For Palm Sunday today, enjoy the following message from former pastor and contributor, Paul Meier.
I lived a significant part of my life deeply entwined in the Christian tradition. Although it was an important building block in my personal journey, I have moved beyond many of those beliefs. Still Palm Sunday seems an appropriate time for a meditation related to the beginning of Christianity’s “Holy Week.” It is a time of remembering stories that culminated in the crucifixion and resurrection of Jesus, an Enlightened man. His life and teachings continue to positively direct humanity today. So I will share some thoughts for people of any spiritual inclination to consider adding to their daily meditations. These comments are my personal deductions developed from my own translations of the letters of the apostle Paul.
Palm Sunday got its name from a story about Jesus riding a donkey into the city of Jerusalem. His followers waved palm branches in the air and placed them on the ground ahead of him as he entered the city. This event took place at the beginning of a Jewish festival week known as the Passover, an annual celebration of an earlier time when the Jews were released from bondage in Egypt. The people surrounding Jesus were reported to have been shouting, “Hosanna,” for which the literal meaning is, “Save us now.” That is the backstory.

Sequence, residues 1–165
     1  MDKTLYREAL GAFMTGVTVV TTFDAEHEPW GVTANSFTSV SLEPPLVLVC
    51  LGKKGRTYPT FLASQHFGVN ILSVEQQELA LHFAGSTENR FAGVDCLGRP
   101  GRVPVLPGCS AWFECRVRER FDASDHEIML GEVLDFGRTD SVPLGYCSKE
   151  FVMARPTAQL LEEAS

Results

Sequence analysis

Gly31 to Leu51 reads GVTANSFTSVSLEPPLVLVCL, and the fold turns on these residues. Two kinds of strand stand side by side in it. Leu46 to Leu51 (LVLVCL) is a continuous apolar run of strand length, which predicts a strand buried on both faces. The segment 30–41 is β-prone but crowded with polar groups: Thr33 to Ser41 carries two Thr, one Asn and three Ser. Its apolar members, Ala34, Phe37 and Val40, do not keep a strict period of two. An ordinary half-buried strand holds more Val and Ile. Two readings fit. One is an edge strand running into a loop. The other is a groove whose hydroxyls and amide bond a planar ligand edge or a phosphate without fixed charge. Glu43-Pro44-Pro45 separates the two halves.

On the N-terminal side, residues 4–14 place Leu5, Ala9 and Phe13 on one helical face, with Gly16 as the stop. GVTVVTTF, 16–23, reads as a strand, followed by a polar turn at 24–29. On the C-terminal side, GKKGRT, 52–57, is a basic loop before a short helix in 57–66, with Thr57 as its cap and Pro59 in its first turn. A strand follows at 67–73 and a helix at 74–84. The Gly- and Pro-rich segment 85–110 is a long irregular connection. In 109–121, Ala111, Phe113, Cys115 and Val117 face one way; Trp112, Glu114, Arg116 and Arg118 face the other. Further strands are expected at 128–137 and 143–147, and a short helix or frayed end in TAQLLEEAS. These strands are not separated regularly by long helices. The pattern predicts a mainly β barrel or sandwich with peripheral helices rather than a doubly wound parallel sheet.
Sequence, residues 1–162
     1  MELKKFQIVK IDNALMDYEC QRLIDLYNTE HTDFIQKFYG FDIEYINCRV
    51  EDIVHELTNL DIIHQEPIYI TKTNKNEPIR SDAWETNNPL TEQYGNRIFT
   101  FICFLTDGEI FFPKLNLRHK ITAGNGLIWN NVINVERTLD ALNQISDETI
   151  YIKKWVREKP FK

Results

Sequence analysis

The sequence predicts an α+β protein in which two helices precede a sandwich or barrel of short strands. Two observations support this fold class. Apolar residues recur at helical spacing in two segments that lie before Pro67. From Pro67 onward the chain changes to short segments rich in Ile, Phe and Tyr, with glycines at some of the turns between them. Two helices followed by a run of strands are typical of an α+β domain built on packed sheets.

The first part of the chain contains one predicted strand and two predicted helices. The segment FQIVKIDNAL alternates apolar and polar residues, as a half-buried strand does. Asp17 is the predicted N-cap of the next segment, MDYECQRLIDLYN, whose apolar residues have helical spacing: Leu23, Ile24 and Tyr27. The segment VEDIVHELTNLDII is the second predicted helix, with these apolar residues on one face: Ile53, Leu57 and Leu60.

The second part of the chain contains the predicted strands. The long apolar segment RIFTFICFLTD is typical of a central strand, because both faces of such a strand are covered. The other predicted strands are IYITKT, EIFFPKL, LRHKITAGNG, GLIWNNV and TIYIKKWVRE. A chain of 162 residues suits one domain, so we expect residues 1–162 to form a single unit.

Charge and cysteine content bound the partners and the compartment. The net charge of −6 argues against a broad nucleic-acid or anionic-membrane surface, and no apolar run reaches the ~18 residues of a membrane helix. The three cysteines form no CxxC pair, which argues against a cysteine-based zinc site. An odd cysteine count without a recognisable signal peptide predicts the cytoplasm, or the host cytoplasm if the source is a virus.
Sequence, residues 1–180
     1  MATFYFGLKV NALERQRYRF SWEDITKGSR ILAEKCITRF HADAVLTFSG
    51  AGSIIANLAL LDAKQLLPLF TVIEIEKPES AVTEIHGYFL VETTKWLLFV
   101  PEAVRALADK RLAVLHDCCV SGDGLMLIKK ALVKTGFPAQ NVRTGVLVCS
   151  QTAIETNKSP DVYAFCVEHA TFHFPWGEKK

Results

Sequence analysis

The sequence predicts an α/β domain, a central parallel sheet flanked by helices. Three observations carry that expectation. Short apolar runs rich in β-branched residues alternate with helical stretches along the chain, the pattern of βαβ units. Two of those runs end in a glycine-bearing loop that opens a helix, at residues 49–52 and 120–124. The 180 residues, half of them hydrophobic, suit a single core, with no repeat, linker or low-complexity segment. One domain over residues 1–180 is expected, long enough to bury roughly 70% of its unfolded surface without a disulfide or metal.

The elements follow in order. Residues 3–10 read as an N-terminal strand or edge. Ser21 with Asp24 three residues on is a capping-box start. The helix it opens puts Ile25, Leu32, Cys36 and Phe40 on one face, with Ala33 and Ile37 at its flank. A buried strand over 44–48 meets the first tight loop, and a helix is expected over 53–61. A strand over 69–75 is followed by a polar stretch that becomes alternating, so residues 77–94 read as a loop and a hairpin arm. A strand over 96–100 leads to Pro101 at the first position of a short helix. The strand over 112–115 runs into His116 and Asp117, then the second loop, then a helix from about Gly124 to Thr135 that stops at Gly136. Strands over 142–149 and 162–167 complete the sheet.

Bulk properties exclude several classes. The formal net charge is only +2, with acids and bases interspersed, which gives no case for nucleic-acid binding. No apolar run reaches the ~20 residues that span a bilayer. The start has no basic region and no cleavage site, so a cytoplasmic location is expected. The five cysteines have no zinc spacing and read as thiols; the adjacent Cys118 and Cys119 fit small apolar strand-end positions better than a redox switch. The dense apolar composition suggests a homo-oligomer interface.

My opinion for why Jesus chose to ride into Jerusalem at this time is different from how later Christians interpreted it. Paul wrote that Jesus was given the daunting task of representing what the Infinite Source might look like in a human form. Many have called Jesus the “son” of God. The Greek word huios means son, but it can also be interpreted as a representative, a representation, a personification, an archetype, and even a student. In his writings, Paul said all people are “sons and daughters of God.”
Quantum physicists have pointed to consciousness as being the matrix or substance of all matter. Paul wrote that the Holy Essence is within us. It is not separate from us. It is us. Jesus came to improve the image of the unknown Higher Power above what was believed in that age, and he came to be an example for us to imitate. I think many people, religious and nonreligious alike, agree that the example of Jesus is worthy of imitating regardless of who they choose as their spiritual teacher.
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